The Daily Outrage

The CCR blog

A Bittersweet Victory on the Right to Know Act

This week, the New York City Council voted on two critical policing bills. The first, Intro 541-C, was part of the Right to Know Act, a package of legislation aimed at protecting the civil and human rights of all New Yorkers during everyday interactions with the NYPD. This bill required officers to document consent to a search, and provide information to people they stop and search about how they can file a complaint about police conduct. Also voted on was Intro 182-D, a counterproductive bill that whittled away a number of protections for New Yorkers while being falsely heralded as police reform.

Through our years of litigation and advocacy, we have found that a vast number of police encounters routinely experienced by New Yorkers, particularly those of color, are not officially recorded. A recent report by the court-appointed monitor in our landmark stop-and-frisk case confirmed this finding— and these types of police encounters would have been addressed head-on by the enhanced protections originally contemplated and subsequently removed from Intro 182.

Over the last few months, we and others in the Right to Know Act Coalition and the Communities United for Police Reform campaign were championing two comprehensive police reform bills. But at the very last minute, Council Member Ritchie Torres—the lead sponsor of one of those bills, Intro 182—pulled the version supported by 200+ community groups and instead submitted a compromise version backed by the NYPD and the mayor which effectively removed the key provisions of the bill. Intro 182 was originally intended to require officers to identify themselves during common policing encounters, even those that are usually not recorded but are an everyday reality for communities of color, and provide reasons for the stop. And yet, the version that Council Member Torres finally put up for a vote exempted officers from showing their ID in a vast majority of encounters. Put simply: there were very few “rights to know” enshrined in 182-D.

Moreover, the very community groups that conceived of and supported this bill, beginning over four years ago, were shut out of the conversation—a disturbing indication of just how dangerously compromised Intro 182-D became. After years of organizing, our coalition refused to support a bill that undercut and put at risk the communities that had worked so hard to make it possible. In the days before the official vote, we escalated our actions, flooding the phone lines and Twitter feeds of City Council Members. Several, one by one, stepped away from the bill. Those who did took note of the facts we raised; hundreds of community groups, including the mothers of New Yorkers who were killed by NYPD officers, opposed this back-door compromise for a reason.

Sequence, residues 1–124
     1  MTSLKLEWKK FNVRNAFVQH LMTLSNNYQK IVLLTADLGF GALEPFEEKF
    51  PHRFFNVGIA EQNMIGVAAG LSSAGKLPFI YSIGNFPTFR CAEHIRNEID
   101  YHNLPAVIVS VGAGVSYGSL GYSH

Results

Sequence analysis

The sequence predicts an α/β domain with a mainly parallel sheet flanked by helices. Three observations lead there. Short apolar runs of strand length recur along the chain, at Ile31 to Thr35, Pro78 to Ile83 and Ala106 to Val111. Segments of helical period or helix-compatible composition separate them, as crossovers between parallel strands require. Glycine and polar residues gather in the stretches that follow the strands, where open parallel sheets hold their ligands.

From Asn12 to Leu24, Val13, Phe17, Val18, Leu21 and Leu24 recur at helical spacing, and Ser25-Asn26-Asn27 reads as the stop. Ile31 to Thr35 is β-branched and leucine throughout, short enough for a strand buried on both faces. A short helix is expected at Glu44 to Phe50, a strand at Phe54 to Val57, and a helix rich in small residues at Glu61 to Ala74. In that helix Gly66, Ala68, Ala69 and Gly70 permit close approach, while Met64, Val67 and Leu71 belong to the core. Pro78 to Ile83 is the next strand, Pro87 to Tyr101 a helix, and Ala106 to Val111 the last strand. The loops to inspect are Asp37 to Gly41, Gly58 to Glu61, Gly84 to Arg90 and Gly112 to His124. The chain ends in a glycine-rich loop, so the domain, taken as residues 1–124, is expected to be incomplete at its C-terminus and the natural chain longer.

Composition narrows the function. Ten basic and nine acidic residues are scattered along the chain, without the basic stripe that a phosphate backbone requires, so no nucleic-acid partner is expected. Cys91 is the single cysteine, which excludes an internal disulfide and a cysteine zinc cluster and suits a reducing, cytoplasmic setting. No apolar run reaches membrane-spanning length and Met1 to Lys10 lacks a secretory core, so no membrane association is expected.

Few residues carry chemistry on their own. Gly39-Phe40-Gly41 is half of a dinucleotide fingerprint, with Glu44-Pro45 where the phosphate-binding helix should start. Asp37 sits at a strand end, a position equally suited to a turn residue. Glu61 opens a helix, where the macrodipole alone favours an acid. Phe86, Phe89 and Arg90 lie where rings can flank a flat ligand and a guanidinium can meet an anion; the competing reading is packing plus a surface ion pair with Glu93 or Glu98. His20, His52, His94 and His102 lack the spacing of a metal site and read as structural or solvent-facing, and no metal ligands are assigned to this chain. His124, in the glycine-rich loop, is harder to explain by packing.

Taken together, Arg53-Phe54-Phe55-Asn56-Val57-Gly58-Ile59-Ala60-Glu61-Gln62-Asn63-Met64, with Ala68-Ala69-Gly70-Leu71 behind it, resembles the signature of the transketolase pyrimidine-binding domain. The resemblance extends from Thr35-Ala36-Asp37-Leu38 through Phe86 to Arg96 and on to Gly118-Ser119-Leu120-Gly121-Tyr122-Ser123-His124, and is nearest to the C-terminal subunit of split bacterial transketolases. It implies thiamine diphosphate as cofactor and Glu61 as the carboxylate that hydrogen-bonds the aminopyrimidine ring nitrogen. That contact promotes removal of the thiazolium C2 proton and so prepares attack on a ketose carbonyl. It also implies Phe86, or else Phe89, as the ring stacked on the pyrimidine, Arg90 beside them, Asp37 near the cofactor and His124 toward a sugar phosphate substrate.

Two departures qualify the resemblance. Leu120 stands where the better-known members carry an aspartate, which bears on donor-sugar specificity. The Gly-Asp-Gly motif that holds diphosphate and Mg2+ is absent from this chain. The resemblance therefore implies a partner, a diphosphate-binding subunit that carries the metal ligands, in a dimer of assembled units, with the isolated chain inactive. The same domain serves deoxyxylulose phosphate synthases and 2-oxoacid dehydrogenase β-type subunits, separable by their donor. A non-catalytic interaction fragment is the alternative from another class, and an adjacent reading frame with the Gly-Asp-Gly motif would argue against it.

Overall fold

During the finger-biting session on Tuesday, we watched as the New York City Council voted one by one on both Intro 182-D and 541-C. The strength of our coalition was evident in the fact that several council members refused to support Intro 182-D in its compromised form, even when the mayor, the speaker of the city council, and the NYPD itself had put their public support behind it. Intro 182-D passed, but barely, with 27 votes—26 are needed to pass a bill through the City Council. In good news, our uncompromised Intro 541-C, sponsored by Council Member Antonio Reynoso, passed with a veto-proof majority. This will end unconstitutional searches by police and advance safety for New Yorkers.

It was bittersweet. On Tuesday, our victory was passing Intro 541-C, which will ensure New Yorkers aren’t tricked into consenting to searches. City Council members turned their backs on communities of color by narrowly passing Intro 182-D, but our demonstration of people power made the loss close. Rest assured, we aren’t going anywhere, and will keep fighting for true police reform directed by communities most affected by police abuses.

Last modified 

December 21, 2017